How Earthquakes Shaped Seattle’s Landscape

Most people are aware that San Francisco’s north-south trending landscape was shaped by the San Andreas Fault. But who thinks of Seattle that way? Not many. Well, I’m here to tell you otherwise.

As you can see on the map (taken from my novel The Great Seattle Earthquake), the City of Seattle happens to have an earthquake fault running right through it. Fortunately for us, this nasty rip in the fabric of the earth hasn’t let loose a major shakedown in recent history. But the evidence of its past conniptions is there to be seen, and scientists have eyed these landforms with growing concern in recent years. That’s part of what motivated me to write the what-if tale of terror that is The Great Seattle Earthquake. The landscape-altering Seattle Fault is STILL as active as the San Andreas.

Look closely at the map (click or tap it for a larger view). See how Alki Point and Restoration Point on Bainbridge Island seem to point at each other? Of course they do. They are uplifted sections of the Puget Sound seabed, raised in a massive quake that stuck at around 900 AD.

Restoration PtTake a look at these two images of Restoration Point (again, click for a larger view). See those stripes of rock? They might seem reminiscent of geological strata, laid down flat, one on top of the other, then tipped sideways, as is often seen in mountainous regions. But they are not strata. This was a flat portion of the sea floor when the Seattle Fault heaved upward in 900 AD, raising it twenty-five feet into the air. Furthermore, the force of the quake shattered the land in rippling patterns you can still see in these rocks. Wow. What an incredible force it was that moved so much of the earth’s surface up so far, so fast, and did the same on the Alki side of the Sound. Perhaps these ripple marks inspired the legend of A’yahos, the Earthquake Serpent, who Native American storytellers describe as rippling under the surface of the land.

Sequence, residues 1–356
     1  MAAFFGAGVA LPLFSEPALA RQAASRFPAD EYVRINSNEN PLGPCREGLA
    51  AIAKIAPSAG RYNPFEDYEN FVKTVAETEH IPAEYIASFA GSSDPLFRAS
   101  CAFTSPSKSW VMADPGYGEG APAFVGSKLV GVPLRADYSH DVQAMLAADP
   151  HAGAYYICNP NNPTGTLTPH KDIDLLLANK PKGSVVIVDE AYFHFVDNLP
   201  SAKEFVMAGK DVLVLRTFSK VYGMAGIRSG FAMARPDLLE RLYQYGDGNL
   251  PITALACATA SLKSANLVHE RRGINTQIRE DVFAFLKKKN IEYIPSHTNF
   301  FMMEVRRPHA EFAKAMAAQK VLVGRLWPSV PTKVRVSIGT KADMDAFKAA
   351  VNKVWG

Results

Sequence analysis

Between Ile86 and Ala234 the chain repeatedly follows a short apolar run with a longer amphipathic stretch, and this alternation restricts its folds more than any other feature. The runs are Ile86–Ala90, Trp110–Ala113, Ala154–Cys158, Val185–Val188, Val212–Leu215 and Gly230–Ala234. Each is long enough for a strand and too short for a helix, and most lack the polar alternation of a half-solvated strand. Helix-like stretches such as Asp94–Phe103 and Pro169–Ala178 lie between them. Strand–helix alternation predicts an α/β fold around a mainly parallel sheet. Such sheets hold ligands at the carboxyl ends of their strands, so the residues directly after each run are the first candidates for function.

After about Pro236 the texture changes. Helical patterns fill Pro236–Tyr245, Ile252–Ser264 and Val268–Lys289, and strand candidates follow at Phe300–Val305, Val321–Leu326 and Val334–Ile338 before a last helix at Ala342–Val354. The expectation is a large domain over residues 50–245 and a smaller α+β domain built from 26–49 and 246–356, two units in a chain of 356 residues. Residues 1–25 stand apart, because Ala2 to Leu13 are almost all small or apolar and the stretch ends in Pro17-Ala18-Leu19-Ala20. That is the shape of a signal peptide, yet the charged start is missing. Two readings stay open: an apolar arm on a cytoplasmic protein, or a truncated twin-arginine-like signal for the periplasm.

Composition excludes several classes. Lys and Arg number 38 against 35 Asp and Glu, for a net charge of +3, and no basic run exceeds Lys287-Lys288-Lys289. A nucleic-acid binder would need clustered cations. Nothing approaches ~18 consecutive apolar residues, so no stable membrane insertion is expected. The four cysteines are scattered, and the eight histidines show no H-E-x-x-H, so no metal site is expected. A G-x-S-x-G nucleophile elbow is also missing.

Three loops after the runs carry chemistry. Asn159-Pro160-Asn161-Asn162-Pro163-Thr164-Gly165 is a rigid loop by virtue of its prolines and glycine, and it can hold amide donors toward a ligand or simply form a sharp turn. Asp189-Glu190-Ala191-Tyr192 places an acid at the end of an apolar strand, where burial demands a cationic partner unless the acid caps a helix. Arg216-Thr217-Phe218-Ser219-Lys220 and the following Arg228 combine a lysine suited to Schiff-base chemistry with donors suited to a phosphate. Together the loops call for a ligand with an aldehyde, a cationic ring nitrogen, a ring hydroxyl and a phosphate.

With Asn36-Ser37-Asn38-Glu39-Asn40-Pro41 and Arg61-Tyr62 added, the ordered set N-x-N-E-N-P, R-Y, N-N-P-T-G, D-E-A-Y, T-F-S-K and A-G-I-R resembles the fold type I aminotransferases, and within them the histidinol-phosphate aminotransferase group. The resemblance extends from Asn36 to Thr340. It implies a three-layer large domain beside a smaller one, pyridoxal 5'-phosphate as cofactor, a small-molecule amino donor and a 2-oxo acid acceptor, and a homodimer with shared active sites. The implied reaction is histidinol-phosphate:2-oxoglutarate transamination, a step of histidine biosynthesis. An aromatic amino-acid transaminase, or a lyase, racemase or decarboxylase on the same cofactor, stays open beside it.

Restoration overheadHave a look at Restoration Point from directly above. Not only are the ripple patterns clear, but notice how some of the strips of rock are jumbled at odd angles. This is the result of what tribal storytellers call “The Day the Rocks Exploded.” And this was long before Europeans arrived with their gunpowder and dynamite. The mind boggles at what the ancient Native Americans saw. Titanic boulders leaping skyward and falling back like scattered hay straws. You can still see these today at Restoration and Alki Points. They form great tide pools where I used to play as a youngster, unperturbed by any notion of their violent origins.

Alki PtThere are other signs of the Seattle Fault’s might and its effect on the area’s inhabitants. At West Point in Discovery Park lie the archeological remnants of Native American camps that span several thousand years of continuous occupation–with a notable hiatus at around 900 AD, when the shell middens and stone tool artifacts disappeared for a century or so following deposition of tidal wave sands several feet thick. That’s right, a tidal wave generated by the earthquake that uplifted Alki and Restoration Points swept over West Point, no doubt drowning any inhabitants and submerging all traces of the encampments there. Furthermore, West Point was once a much larger point, comparable to Alki Point. But the overthrusting of the southern side of the fault drove the lands to the north downward, sinking West Point by several feet, most of it never to rise above tidewater again.

There’s more evidence in our landscape of the rising southern side and sinking northern side of the Fault. Elliott Bay itself is a sunken basin, pushed down and filled with water by the overriding southern heights of West Seattle. And, where is the highest point in all of Seattle? You guessed it, right at the top of West Seattle’s Gatewood Hill.

So next time you’re driving, walking, bussing, training, or biking around our beautiful city, give a thought to how it all came to be. And also give a thought to where you’ll drop, cover, and hang on if a landscape-shaping rupture of the Seattle Fault strikes again.

I have put together a slideshow presentation of this and much more information about the earthquake and tsunami history of the Seattle Area. If you or your group are interested in learning more, you can find further details and contact information HERE.

About Tom Hopp

Thomas P Hopp is a scientist and author living in Seattle. He writes Peyton McKean mystery stories and the Dinosaur Wars science fiction series.
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